By Ichiro Suzuki
On November 3, only two days before what was set to be the biggest IPO in history, China suspended the $37 billion listing of fintech giant Ant Group in Hong Kong and Shanghai, sending shockwaves through China’s financial world. It is believed that President Xi Jinping was directly behind the cancellation. Since he rose to power in 2013, the communist party leader has been tightening his grip on China’s corporate world. His move began with state-owned enterprises (SOEs), of course, with their controlling stakes by the Chinese state. In more recent years, the state/ the communist party has been intruding into private sector corporations, an unsurprising development given Mr. Xi’s penchant for wielding power in every corner of the country. According to The Financial Times, an executive of China’s state-owned bank reportedly have described President Xi’s stance toward Corporate China as “if I don’t understand and can’t control you, we won’t let you grow”. To a dictator who is nearing 70, the tech world is certainly is tougher to understand than “20th century businesses” of SOEs. While Mr. Xi has a strong interest in seeing the Chinese tech sector’s brilliance, he still has no tolerance in letting these rising corporations loose. While these two wishes appear to contradict each other to an outsider, this is what the dictator wants.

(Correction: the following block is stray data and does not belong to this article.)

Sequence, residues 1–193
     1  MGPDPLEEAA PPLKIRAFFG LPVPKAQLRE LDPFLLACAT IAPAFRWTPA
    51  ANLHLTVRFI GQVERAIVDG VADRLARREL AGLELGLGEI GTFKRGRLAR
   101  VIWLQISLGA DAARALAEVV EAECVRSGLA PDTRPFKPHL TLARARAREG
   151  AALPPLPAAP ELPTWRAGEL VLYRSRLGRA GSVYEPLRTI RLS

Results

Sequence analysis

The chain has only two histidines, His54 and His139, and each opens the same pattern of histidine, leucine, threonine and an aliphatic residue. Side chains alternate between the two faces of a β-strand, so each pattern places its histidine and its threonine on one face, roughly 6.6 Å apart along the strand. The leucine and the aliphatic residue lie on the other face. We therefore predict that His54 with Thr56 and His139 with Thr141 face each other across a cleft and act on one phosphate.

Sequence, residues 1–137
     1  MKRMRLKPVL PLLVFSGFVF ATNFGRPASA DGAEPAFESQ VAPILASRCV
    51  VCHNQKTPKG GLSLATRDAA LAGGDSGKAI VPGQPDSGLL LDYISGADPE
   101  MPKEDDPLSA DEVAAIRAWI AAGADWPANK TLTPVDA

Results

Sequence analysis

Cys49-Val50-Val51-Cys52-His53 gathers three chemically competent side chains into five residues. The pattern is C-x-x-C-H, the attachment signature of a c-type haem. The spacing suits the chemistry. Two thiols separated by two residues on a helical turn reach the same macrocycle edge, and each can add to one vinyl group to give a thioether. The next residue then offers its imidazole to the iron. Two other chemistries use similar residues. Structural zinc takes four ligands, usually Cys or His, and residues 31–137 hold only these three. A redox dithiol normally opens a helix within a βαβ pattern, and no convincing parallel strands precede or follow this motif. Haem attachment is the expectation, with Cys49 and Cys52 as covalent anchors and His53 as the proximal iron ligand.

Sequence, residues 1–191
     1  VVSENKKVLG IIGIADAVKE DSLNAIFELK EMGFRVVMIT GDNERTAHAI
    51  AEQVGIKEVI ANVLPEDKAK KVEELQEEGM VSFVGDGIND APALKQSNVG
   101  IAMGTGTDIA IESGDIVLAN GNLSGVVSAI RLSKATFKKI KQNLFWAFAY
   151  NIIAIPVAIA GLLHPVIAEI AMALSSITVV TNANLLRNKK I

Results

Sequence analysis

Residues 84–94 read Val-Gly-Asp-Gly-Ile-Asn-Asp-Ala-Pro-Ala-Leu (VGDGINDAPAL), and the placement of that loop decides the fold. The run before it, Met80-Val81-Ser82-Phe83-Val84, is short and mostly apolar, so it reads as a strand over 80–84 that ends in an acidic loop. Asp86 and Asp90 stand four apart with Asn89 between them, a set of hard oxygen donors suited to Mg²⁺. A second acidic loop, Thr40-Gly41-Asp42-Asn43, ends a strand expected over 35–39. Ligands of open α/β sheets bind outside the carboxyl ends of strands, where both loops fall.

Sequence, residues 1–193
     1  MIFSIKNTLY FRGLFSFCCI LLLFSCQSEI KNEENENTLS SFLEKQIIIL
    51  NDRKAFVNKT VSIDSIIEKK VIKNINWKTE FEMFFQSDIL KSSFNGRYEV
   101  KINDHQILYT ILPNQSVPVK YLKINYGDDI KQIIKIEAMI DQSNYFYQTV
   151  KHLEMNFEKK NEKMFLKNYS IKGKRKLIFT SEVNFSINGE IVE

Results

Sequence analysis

Leaders of China’s tech sector need to be abundantly careful not to upset or incite anger in the dictator. But this is exactly what Alibaba Group founder Jack Ma did. At a conference that preceded the planned listing of Ant, Mr. Ma reportedly criticized the authority of their insufficient understanding of the tech sector and their backwardness as a regulator. Mr. Ma is the biggest star in the China’s tech world, on whom everybody showers praises. With his Communist Party membership, he must have been considered a good citizen of the country, too. It looked everything was going well for him. Then, Mr. Ma had overstepped by telling the truth, and have caused the wrath of the dictator.
Whether President Xi’s wrath immediately led to the cancellation of Ant’s IPO or not, exponential growth of Ant, as well as of its parent Alibaba, must have been sounding an alarm to the regulators. In the tech world of winner-takes-all, they were simply becoming too big dragons to be tamed. Regardless of what Mr. Ma said that particular day, regulator might have acted to impose tougher regulations on Ant Group even after its listing in the exchanges.